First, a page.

Friday, May 10, 2013

Expert on school finance and equity Bruce Baker concludes: class sizes in NYC schools are freakin’ huge!

Yesterday, Bruce Baker of Rutgers presented one of his brilliant statistical exposes on his School Finance 101 blog, revealing the inequities in funding and class size between NYC and the rest of the state.  Here are some of his findings, though I suggest you read the whole blog.

This chart shows how the higher poverty level students at a school in NYS, the larger the class sizes, and the disparity has worsened over time.  You can see that now, 90% of high poverty elementary school classes in New York state are above the recommended level of 20 students per class.  64% are above 23 students per class in high poverty schools:

Here are New York state middle school class sizes, based  on the poverty level of the school, showing a similar disparity and worsening trend:
 Here are the class size distributions over time in NYC schools, compared to what they should be according to expert judgement in the CFE case (20 or under in K-3; 21-23 students in 4th-8th grade.)
In contrast, here are the class sizes are at the wealthier suburban districts on Long Island and Westchester, with most of them at the recommended level:
Most eighth grade math class sizes in NYC schools have about thirty students per class, far above the recommended level:
Compare this with the wealthier suburban districts, with much lower class sizes:
Bruce's conclusion.
What is notable here is that:
  • class sizes in NYC schools continue to increase over time.
  • class sizes in NYC schools are much larger than those in the top wealth/income quintile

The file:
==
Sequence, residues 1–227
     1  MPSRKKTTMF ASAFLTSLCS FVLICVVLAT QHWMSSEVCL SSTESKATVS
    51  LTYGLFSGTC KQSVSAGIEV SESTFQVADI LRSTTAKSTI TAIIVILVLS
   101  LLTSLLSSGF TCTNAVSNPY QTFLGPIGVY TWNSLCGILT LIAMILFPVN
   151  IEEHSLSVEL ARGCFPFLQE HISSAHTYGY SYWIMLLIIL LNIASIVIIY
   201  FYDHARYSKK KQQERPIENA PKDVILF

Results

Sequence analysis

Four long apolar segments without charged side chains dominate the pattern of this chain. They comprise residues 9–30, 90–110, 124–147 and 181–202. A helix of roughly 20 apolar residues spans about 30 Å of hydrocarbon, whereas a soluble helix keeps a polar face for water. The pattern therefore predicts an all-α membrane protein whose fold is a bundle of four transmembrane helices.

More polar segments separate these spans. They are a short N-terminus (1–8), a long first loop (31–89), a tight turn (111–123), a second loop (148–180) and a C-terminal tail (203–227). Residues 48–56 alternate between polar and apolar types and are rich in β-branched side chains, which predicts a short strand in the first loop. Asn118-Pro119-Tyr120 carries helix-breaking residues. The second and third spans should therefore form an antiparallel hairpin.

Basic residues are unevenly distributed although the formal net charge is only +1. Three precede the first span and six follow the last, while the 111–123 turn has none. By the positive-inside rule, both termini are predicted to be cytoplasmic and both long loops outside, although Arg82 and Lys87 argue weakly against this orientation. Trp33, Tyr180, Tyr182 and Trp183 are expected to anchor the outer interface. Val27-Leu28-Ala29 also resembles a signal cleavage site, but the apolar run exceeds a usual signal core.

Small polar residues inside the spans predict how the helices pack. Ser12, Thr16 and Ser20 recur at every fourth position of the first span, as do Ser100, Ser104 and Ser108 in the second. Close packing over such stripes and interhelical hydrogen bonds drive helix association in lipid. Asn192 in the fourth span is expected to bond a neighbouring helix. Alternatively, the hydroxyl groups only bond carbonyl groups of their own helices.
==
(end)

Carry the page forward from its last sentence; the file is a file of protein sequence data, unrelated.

• Further, compared to essential resources thresholds, class sizes in NYC are freakin’ huge! Yeah… that’s a technical term for you… freakin’ huge!!!!!
For those hack pundits who’ve latched on to the “uncertainty” or “narrowness” of research on the effectiveness of class size reduction (& bogus characterizations of “cost effectiveness”), there is little if any justification for permitting class sizes in high poverty settings at 30 or higher. Further, class size, and total student load are a relevant working condition influencing teacher recruitment/retention.
In simpler terms, there is certainly little basis for the inequity here. From a simple fairness standpoint, it makes little sense that children in the top 20% districts by wealth and income should have access to such smaller classes than children in New York City and that these disparities should year after year be a byproduct of the state’s dysfunctional, inequitable school finance system and overblown false claims that serve to maintain that status quo!

1 comment:

Contemporary Art Education said...

I taught in the Los Angeles city school system from 1995-2003. As an electives teacher I had 38-42+ students in my classes and according to a NY Times report in 2011, these sizes are being replicated in other courses/grades. I imagine that NY State is following on the heels of California when it comes to class size. The larger system does not want to pay to educate children and youth from high-needs communities.